Atorvastatin did not prevent the development of arthritis in individuals at high risk for rheumatoid arthritis (RA), according to study findings published in RMD Open. However, the clinical trial was terminated early due to low enrollment.
Studies have reported disease-modifying effects of statins on RA and, at the population level, decreased development of RA with statin use. This study was undertaken to investigate the use of statin therapy for RA prevention.
Criteria for enrollment in this randomized, double-blind, placebo controlled trial (STAtins to Prevent Rheumatoid Arthritis [STAPRA] trial: TrialRegister.nl Identifier: NTR5265) included patients age 18 or older, an absence of clinical arthritis symptoms, and a high risk for developing RA. High risk was defined as either having anticitrullinated protein antibodies (ACPA) greater than 3 times the upper limit of normal (≥21 kU/L) or having both ACPA of7 kU/L or greater and rheumatoid factor ≥5 kU/L. Patients were randomly assigned to receive 40 mg of atorvastatin daily or placebo for 3 years. The primary outcome was the development of clinical arthritis, defined as at least one swollen joint.
Although the calculated cohort size was 220 patients, only 62 participants were enrolled (31 in the atorvastatin group and 31 in the placebo group). In total, 15 of the participants developed arthritis: 29% in the atorvastatin group and19% in the placebo group. The difference was not significant (HR 1.40; 95% CI, 0.50 to 3.95).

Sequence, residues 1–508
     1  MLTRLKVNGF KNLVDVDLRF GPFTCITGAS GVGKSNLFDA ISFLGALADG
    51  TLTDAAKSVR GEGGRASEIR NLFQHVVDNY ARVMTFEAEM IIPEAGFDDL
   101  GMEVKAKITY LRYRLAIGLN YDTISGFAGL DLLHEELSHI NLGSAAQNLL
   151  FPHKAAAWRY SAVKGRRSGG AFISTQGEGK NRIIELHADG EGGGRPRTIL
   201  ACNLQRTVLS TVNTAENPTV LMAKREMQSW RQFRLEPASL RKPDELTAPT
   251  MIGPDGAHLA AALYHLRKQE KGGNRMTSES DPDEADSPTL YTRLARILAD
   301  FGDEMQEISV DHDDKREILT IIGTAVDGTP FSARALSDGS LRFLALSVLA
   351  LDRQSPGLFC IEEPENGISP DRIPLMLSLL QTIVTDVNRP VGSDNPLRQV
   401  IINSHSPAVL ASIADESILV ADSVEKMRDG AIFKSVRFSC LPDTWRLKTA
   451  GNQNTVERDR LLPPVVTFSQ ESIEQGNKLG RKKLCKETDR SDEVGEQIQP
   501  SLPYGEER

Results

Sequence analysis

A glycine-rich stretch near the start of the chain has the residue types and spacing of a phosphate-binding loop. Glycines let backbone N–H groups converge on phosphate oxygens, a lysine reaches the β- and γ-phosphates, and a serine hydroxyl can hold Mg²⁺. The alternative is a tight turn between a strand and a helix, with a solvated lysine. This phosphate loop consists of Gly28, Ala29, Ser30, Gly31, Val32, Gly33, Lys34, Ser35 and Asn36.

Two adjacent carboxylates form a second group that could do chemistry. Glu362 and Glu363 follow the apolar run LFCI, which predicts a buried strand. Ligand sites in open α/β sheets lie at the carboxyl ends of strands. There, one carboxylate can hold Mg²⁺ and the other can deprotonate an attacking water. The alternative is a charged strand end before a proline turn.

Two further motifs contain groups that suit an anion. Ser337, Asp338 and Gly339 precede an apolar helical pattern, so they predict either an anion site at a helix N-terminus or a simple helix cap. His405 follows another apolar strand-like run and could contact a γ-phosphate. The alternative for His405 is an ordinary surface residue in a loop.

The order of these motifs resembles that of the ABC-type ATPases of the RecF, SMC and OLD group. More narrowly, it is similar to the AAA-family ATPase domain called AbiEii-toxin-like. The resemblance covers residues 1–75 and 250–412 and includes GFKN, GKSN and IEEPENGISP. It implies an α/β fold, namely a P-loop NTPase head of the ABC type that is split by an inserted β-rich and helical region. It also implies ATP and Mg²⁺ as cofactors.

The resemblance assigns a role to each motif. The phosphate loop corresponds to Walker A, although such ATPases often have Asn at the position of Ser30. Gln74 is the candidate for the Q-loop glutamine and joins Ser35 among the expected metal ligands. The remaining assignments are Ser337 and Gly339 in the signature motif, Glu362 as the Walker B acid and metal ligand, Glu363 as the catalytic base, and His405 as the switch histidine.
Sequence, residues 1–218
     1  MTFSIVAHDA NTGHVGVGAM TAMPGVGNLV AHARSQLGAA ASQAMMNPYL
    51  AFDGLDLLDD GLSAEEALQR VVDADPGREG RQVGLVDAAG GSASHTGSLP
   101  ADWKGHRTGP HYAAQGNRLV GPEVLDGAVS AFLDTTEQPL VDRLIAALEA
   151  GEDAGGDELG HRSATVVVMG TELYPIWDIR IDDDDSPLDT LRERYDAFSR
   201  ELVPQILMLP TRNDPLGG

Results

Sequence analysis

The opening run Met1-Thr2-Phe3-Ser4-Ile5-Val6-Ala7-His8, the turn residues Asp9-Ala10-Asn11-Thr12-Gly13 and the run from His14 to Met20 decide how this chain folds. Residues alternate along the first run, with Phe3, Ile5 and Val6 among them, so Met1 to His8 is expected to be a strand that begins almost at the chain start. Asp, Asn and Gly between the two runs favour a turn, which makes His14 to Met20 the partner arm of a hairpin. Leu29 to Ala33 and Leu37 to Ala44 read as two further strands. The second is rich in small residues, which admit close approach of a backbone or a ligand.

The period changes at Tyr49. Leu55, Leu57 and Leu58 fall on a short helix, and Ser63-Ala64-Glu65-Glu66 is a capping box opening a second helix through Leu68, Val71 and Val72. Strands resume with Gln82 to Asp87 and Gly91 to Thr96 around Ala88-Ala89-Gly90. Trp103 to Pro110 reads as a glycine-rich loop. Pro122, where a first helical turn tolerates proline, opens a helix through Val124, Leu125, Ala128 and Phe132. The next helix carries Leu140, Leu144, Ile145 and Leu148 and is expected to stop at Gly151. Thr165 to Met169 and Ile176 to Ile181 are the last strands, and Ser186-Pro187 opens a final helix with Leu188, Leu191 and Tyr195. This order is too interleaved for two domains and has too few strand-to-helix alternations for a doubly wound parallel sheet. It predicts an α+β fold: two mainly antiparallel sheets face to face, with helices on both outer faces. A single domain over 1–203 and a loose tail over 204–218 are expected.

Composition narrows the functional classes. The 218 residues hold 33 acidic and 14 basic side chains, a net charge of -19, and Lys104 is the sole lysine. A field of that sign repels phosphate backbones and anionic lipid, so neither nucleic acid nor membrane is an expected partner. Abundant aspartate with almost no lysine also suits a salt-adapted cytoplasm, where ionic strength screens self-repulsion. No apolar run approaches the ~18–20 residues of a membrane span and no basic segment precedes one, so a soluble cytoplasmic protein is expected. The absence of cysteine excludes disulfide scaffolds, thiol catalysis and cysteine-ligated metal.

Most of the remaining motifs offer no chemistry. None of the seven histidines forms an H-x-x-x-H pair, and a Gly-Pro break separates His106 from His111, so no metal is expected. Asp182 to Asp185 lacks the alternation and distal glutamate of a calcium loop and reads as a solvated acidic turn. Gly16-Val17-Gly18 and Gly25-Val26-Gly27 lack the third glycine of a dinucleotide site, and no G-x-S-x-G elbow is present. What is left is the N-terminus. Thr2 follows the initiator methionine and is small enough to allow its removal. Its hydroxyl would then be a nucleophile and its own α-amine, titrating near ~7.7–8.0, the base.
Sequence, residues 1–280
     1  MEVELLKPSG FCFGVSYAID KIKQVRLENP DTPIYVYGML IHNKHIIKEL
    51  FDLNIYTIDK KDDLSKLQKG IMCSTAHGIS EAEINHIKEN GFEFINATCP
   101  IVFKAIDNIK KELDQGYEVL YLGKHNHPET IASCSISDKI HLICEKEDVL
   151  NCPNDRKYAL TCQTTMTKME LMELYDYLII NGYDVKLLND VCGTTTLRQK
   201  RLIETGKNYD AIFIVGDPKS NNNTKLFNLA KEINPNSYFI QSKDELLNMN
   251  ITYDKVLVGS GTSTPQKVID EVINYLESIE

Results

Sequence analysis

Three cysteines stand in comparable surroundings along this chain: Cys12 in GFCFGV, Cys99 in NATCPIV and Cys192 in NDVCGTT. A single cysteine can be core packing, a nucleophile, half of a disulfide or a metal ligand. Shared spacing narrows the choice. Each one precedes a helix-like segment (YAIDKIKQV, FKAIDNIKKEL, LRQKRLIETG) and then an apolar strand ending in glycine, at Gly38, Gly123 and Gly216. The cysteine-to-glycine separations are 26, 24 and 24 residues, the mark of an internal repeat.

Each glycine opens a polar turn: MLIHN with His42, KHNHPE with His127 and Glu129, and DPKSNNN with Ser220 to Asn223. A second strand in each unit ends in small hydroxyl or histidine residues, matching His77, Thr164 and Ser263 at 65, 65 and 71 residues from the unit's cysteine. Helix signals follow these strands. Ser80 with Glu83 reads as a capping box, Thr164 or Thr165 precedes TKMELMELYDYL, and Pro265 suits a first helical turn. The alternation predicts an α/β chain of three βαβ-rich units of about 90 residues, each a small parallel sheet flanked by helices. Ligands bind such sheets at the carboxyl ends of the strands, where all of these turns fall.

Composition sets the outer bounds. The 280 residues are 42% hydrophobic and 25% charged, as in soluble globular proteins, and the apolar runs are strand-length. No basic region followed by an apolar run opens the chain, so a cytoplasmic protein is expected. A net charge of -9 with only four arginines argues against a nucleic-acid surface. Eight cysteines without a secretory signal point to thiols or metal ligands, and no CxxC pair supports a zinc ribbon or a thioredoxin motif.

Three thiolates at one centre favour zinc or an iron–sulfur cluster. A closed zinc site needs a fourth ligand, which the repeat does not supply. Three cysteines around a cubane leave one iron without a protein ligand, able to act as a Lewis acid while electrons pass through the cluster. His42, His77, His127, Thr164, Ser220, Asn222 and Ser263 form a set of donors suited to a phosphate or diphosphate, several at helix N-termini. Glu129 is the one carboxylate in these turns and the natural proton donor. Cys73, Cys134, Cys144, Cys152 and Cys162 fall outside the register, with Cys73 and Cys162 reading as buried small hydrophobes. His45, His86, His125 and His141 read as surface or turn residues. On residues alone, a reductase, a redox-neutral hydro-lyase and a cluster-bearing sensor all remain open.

The main limitation of the study was the inability to achieve the required sample size. The researchers reported that 62% of eligible individuals declined to participate due to aversion to the trial medication (58%) or a perceived burden of participation (23%). In addition, there was a high drop-out rate (27%), largely due to adverse events which were similar in both groups.
The researchers noted, “This inconclusive trial of a low impact intervention to prevent RA highlights recruitment and retention issues. Such issues must be resolved for RA prevention to move forward.”
van Boheemen L, Turk S, van Beers-Tas M, et al. Atorvastatin is unlikely to prevent rheumatoid arthritis in high risk individuals: results from the prematurely stopped STAtins to Prevent Rheumatoid Arthritis (STAPRA) trial. RMD Open. Published online March 7, 2021. doi:10.1136/rmdopen-2021-001591